TPI Requests Farmer Comments on Impending Changes to Oxadiazon in Sod Farms

EPA Proposes changes to Oxadiazon label in Sod Farms and other sites

The EPA has posted a Proposed Interim Decision for oxadiazon and TPI is working on behalf of sod farms to provide much needed feedback on the impacts to our industry. With significant changes to the oxadiazon label proposed, EPA needs to hear your expert opinions on the proposed mitigations in order to maintain the utility of this tool for weed control in sod farms. We would greatly appreciate your feedback to our questions below and your willingness to submit comments to EPA by November 3rd. The industry is currently seeking an extension but have yet to confirm whether or not it will be granted.

Summary of EPA Identified Issues with Oxadiazon and Proposed Mitigations 

Proposed pattern and rate reductions for all liquid and granular formulations

  • Use on turfgrass will be limited to golf course fairways and sod farms only
  • Yearly maximum use rate to be reduced from 8 lb ail/A to 6 lb ai/A
  • The single maximum application rate reduced from 4 lb ai/A to 3 lb ai/A
  • Applications are limited to 2 per year – spring and fall
  • Liquid applications will be limited to 1 per year
  • There must be a 120-day retreatment interval between applications
  • Applications to sports fields is prohibited, included at planting/new construction

Key Impacts on Sod Farmers

“Flexibility in use and timing is one of the key items we need to address with EPA”, says Dr. Casey Reynolds of TPI. Sod farms don’t always follow the typical timing of golf courses, athletic fields, and other sites. Many of those sites will apply oxadiazon at the same time each spring to prevent summer annual weeds, but in sod farms it is often applied after harvest and at new plantings throughout the year. Another item that needs to be addressed is new construction and sprigging of athletic fields. If sod farmers who also install natural grass sprigs or sod on newly constructed athletic fields lose oxadiazon in these scenarios, then it will almost certainly have a significant impact on those projects.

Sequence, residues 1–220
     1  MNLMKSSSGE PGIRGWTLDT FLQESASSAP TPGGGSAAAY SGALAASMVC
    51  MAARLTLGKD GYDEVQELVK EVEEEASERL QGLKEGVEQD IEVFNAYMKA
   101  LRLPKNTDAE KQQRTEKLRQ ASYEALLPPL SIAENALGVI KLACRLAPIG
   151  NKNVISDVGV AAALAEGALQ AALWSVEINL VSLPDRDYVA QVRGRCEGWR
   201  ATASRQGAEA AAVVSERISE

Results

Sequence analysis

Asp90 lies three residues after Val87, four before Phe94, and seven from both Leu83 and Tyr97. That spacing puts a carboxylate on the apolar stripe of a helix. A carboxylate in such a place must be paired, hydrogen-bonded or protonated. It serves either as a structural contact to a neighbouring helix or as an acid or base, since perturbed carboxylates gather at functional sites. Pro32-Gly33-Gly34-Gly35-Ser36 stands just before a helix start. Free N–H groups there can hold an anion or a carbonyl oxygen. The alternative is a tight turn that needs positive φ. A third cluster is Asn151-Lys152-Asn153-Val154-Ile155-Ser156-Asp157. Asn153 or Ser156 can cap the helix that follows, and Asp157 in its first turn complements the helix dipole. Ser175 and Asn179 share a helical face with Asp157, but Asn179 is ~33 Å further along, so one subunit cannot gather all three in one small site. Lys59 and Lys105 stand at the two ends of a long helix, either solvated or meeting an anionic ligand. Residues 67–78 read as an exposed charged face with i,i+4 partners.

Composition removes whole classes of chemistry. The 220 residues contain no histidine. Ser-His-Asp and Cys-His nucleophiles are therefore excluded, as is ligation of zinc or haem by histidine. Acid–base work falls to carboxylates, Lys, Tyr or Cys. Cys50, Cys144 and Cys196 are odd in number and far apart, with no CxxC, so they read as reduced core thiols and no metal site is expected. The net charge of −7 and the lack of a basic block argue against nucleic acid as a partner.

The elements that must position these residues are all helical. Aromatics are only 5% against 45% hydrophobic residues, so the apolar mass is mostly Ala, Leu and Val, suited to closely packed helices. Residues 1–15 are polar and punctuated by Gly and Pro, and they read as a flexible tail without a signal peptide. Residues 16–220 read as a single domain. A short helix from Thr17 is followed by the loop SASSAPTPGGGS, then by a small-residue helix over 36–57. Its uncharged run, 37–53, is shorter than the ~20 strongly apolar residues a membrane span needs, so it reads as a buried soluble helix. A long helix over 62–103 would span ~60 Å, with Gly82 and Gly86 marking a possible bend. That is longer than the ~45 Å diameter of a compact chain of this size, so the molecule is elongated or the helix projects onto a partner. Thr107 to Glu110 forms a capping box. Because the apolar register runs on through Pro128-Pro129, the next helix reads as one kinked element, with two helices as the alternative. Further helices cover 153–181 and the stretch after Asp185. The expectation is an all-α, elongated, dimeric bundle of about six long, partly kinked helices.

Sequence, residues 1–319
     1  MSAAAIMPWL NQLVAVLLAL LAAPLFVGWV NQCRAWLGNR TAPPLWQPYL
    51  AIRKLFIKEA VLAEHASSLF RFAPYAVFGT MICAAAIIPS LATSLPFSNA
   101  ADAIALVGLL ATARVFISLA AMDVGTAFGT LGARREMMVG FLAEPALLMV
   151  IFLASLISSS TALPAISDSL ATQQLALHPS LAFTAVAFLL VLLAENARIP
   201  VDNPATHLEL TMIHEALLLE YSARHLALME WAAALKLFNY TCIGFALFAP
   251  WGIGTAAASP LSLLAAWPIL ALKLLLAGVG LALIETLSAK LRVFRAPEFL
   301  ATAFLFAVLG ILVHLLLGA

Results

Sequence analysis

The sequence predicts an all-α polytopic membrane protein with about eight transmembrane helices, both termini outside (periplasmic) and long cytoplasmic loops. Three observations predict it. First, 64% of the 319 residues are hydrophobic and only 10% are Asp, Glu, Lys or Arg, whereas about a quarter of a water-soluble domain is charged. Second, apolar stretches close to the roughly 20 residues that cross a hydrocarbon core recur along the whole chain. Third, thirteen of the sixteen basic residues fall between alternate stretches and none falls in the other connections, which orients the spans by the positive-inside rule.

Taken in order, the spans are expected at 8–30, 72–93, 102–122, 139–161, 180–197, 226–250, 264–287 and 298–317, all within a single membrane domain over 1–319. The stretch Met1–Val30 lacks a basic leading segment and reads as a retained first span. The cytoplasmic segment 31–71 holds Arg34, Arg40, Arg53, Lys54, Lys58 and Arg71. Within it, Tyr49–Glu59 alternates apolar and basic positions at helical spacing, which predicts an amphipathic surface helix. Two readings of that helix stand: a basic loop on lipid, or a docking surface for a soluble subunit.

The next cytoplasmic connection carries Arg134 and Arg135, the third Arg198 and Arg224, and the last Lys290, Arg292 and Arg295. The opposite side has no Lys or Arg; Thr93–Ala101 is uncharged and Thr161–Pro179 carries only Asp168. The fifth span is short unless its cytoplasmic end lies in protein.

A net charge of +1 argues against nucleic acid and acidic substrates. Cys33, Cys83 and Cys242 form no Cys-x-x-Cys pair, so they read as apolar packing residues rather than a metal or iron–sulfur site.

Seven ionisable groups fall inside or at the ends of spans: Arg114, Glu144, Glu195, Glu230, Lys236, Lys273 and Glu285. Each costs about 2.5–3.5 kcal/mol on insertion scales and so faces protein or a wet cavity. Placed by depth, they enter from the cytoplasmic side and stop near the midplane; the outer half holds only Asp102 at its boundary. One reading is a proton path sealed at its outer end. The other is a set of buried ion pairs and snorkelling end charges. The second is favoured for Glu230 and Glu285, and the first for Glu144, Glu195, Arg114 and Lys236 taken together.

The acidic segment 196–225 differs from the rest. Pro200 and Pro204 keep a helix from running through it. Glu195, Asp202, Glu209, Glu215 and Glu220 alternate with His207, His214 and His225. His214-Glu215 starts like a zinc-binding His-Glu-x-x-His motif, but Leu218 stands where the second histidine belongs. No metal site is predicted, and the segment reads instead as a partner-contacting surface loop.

“We have not lost sight of the fact that we will retain oxadiazon as a key tool for weed control in sod production and need to share that with the EPA as well”, says Dr. Reynolds. “We have been working with other key industry partners and the EPA on this important topic and will continue to work on this on behalf of all sod farmers.”

Instructions for Providing Comments to EPA 

We would greatly appreciate direct submission of comments by sod farmers to EPA on refining the use patterns and rates for sod farms. The public comment docket is located at Oxadiazon Public Comment Docket or at the “Comment Here” link below. Once you have entered into the portal, click the blue box in the top left corner titled “Comment”

All comments must include Docket# EPA-HQ-OPP-2014-0782.

Please reach out to Dr. Casey Reynolds at CReynolds@TurfgrassSod.org or 847-737-1846 for more information or for assistance with providing public comment.

About the Author

Casey Reynolds, PhD
Dr. Casey Reynolds is the Executive Director at Turfgrass Producers International

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